Why should you care? 

Consider the tremendous power of the exponential growth of computers: “When I was an undergraduate, we all shared a computer at MIT that took up half of a building,” says Kurzweil. “The computer in your cellphone today is a million times cheaper and a thousand times more powerful. That’s a billion fold increase in price performance of computing since I was an undergraduate.” Now apply that same dramatic increase to other fields that depend on information technology:

  • Energy – Solar power, which relies on nanotechnology, will be cheap enough and powerful enough to power the entire world within 20 years, says Kurzweil.
  • Neuroscience – Projects to reverse-engineer the brain will construct a full, synthetic model by 2029, says Kurzweil, giving us greater insight into how the brain thinks.
  • Genetics – Within 10 years we will all have digital copies of our genome, leading to medical therapies are personalized to our individual genetic makeup.
  • Nanotechnology – As robots get smaller and smaller, we will be able to insert them into our bodies to repair damaged or aging tissue.

What Can You Do?

“If you look at the implications of exponential growth, it creates a very different picture of the future and it’s not intuitive,” says Kurzweil. Problems that may seem intractable now could become eminently solvable in the near future. Not only should this inform investing and planning for the future, it should also change what you think of as possible for humanity. Soon, things which we could barely have imagined decades before might be within reach.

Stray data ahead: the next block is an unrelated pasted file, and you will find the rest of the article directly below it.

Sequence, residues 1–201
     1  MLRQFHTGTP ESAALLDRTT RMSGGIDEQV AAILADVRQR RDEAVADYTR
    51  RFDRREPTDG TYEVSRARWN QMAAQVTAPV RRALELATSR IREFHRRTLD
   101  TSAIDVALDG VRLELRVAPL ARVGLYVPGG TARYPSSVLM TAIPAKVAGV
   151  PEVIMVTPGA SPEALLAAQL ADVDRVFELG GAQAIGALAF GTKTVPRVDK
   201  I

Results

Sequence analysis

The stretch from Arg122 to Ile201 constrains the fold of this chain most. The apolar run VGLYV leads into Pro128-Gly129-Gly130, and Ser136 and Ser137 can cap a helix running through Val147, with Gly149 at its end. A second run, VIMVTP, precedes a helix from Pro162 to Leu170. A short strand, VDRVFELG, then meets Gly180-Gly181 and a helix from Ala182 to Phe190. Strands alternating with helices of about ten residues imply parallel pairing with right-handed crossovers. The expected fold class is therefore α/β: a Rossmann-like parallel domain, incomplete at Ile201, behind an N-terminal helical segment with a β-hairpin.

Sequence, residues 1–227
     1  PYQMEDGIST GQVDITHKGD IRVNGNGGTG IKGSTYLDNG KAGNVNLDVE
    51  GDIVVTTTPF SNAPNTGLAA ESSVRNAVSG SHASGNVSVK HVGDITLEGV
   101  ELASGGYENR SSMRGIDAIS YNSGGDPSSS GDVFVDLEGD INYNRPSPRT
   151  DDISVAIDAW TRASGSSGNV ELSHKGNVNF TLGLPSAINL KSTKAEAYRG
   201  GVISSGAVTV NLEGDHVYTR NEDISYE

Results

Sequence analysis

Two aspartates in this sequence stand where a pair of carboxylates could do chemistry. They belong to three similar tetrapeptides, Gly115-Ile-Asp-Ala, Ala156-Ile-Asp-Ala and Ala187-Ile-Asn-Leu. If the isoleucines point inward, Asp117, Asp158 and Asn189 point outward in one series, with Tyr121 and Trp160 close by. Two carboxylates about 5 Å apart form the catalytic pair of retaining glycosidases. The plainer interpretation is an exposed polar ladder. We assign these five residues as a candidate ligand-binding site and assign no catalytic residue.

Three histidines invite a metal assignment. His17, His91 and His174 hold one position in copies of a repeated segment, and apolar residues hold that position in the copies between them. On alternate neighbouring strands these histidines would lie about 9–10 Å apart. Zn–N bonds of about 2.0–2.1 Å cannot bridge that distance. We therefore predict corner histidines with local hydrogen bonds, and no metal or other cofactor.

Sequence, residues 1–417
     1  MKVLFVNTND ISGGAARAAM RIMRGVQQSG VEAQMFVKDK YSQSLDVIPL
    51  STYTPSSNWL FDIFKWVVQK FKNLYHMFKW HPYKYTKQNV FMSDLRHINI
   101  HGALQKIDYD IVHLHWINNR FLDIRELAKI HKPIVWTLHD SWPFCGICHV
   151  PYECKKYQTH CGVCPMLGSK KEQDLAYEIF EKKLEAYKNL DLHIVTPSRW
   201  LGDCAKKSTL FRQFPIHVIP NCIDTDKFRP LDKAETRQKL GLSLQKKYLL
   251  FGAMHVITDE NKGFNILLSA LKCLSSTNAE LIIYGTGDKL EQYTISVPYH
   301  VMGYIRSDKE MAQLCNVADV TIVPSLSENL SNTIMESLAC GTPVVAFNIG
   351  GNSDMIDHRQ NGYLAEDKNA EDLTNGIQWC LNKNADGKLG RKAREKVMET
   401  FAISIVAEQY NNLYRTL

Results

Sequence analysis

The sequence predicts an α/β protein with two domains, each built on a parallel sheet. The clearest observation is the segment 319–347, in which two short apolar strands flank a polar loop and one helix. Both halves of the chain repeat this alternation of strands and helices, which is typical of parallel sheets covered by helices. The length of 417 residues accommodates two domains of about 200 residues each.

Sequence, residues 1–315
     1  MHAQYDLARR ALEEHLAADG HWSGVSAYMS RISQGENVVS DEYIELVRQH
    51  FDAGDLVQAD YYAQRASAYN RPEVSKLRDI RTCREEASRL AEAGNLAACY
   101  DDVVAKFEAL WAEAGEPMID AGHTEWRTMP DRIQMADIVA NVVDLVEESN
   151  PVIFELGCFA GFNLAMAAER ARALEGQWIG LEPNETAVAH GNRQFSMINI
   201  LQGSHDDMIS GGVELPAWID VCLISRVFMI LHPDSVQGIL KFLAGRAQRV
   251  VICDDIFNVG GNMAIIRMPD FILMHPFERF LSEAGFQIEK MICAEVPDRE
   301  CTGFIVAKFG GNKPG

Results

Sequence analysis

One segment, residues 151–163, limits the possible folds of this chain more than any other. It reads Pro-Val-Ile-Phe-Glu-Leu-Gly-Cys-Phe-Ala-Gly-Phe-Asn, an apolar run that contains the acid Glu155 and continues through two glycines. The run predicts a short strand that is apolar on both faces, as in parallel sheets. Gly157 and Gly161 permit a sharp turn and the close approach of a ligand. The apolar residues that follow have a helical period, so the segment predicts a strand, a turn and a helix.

Learn More

Ray Kurzweil Explains the Coming Singularity

When I Am a Robot, How Will I Have Sex? 

How to Stop Robots From Killing Us

Singularity Is a Religion Just for Digital Geeks

 

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What’s the big idea?


Duplicating the speed of computer processing every 18 months, known as the Moor’s law, is just one manifestation of a bigger trend that all technological changes are exponential.

Why is it revolutionary?

For the vast majority of human existence, it would have to be assumed that the world in which you died would look almost the same as that in which you were born. But that is no longer the case – and very soon people will not even die, says futurist Ray Kurzweil. “We will not experience 100 years of progress in the 21st century – it will be more than 20,000 years of progress (today’s rate),” wrote Kurzweil 2001. Just think about how things have changed over the last 10 years – wireless internet, smartphones, Facebook and Twitter – then try to imagine how much things will matter significantly in 2021 or even 2100.